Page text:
Sunday, 18 March 2012

Research and activism

Activist knowledge exists in a creative tension with other forms of knowledge. Much of the best contemporary social movements research is engaged research – work by activist participants and / or work which is designed to support and develop movement thinking, and CEESA staff and students benefit from this in many ways.

In November CEESA staff and activist postgrads in Sociology organised the first social movements conference in Ireland for well over a decade, with  20 papers spanning everything from Rossport to the Arab Spring, working-class community education to the World Social Forum and SlutWalks to children’s rights.

This March the Council for European Studies’ Social Movements Research Network (co-chaired by CEESA staff) is hosting a joint event with Harvard University’s Berkman Center for Internet and Society looking at the relationships between the Arab Revolutions, anti-austerity movements in Europe and the Occupy! phenomenon. This event brings together 30 leading researchers on these different movements (including people from Occupy Research, Boston College's Movements / media Research and Action Project, MIT Comparative Media, etc.) to explore this dramatic period in world history.

Early next month CEESA students and staff as well as activist postgrads in Sociology will be taking part in the “Alternative Futures and Popular Protest” conference, the annual social movements conference in these islands (now in its 17th year). This conference is a fundamental space for sharing knowledge between engaged researchers working on social movements and counter-cultural projects of all kinds.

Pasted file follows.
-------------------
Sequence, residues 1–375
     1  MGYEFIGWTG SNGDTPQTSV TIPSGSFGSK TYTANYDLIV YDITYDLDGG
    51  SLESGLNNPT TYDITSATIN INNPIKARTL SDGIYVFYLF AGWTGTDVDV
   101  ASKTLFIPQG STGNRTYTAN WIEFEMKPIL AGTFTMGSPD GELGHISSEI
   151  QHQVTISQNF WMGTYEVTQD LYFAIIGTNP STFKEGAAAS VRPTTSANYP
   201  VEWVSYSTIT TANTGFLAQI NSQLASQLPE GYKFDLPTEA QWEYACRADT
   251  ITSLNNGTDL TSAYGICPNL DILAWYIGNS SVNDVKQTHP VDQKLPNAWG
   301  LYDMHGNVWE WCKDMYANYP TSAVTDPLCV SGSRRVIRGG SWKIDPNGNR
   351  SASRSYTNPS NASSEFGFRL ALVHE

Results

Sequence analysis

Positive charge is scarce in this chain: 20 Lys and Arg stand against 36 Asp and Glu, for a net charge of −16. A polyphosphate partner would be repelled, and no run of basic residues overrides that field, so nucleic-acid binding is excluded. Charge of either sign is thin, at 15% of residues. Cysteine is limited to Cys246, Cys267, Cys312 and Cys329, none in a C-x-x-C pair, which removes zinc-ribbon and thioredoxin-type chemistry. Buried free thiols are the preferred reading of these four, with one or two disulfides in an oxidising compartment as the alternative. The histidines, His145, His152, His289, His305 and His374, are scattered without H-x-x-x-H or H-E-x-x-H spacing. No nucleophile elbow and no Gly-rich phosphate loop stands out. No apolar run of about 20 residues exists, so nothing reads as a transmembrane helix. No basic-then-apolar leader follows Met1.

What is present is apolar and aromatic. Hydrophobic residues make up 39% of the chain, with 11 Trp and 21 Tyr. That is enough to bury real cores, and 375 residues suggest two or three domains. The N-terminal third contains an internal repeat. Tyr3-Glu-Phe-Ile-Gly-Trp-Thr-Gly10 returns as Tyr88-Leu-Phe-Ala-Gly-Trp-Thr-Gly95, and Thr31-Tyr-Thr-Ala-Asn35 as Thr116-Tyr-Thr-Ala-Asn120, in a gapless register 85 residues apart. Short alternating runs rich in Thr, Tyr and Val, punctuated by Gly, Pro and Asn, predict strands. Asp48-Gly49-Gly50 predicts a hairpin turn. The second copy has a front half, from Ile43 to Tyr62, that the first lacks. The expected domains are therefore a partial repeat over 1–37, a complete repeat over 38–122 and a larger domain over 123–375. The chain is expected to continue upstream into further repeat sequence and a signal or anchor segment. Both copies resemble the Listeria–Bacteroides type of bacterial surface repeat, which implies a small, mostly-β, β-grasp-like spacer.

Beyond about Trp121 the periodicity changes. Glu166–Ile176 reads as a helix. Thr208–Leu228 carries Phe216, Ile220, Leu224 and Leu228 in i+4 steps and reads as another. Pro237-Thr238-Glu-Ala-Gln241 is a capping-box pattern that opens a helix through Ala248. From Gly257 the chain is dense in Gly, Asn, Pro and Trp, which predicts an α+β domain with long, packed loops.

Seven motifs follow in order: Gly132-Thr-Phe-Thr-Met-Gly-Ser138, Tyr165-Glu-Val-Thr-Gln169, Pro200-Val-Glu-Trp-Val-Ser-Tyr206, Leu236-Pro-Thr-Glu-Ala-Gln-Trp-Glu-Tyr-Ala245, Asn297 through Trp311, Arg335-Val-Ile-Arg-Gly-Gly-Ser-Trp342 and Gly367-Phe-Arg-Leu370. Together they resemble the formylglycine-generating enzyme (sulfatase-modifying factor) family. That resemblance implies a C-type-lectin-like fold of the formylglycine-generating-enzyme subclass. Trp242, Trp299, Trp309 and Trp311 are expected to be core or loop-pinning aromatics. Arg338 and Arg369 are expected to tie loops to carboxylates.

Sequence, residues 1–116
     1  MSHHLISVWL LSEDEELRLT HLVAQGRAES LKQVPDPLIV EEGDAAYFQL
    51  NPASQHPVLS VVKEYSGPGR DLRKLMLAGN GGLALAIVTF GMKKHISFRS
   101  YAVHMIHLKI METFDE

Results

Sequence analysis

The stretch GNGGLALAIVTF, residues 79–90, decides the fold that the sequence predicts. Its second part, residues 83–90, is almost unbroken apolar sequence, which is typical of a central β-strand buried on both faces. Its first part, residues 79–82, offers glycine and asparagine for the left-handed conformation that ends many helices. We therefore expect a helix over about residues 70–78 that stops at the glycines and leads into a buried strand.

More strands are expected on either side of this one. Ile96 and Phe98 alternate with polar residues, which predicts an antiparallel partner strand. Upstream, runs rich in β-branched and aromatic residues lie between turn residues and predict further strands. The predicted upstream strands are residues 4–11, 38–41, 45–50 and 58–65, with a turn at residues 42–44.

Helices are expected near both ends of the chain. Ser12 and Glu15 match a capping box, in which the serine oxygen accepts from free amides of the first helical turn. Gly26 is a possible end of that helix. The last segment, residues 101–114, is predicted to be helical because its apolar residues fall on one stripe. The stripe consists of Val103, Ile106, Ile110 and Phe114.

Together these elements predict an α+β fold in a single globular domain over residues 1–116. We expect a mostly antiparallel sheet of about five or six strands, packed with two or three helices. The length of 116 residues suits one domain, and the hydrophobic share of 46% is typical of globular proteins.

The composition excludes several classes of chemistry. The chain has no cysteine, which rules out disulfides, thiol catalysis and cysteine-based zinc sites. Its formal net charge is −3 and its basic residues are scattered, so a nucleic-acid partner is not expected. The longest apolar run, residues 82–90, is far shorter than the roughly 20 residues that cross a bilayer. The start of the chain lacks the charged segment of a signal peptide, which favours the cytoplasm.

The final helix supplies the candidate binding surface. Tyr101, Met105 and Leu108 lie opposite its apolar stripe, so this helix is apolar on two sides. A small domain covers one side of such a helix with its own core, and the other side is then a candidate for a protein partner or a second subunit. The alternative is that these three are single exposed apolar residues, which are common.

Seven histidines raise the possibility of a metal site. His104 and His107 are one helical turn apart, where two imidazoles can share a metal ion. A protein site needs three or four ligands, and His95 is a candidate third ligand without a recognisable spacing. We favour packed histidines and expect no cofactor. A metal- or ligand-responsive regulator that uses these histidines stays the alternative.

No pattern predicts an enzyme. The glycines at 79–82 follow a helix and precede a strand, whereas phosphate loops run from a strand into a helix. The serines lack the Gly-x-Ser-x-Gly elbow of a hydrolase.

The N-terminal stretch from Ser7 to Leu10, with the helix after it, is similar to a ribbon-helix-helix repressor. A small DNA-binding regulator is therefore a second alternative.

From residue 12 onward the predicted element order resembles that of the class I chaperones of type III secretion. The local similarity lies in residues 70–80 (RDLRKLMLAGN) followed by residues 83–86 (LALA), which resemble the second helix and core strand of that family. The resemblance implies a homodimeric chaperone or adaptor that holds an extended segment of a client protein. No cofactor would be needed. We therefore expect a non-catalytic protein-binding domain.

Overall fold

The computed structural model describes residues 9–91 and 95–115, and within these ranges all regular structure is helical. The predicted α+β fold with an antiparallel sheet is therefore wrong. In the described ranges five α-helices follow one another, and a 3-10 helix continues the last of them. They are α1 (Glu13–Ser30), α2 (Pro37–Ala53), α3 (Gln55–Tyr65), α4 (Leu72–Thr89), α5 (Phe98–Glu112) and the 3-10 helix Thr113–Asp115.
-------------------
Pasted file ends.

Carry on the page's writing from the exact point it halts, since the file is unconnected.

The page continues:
Finally, in May the international social movements journal Interface, based at NUI Maynooth, brings out its 7th issue on the linked topics of the Arab Spring and European anti-austerity movements. At time of writing independent journalist Austin Mackell, his translator Ailya Alwi and US postgrad Derek Ludovici are barred from leaving Egypt and facing trumped-up charges carrying up to 7 years’ imprisonment linked to their attempt to interview an Egyptian labour leader. 

Each year CEESA students design and carry out their own research projects, designed as practitioner theses aimed at supporting and developing their own movements’ practice in a particular area. In doing this they are supported by these broader links and networks of engaged research at what has become not only Ireland’s leading centre of social movement studies but a key node in cutting-edge international research in this area.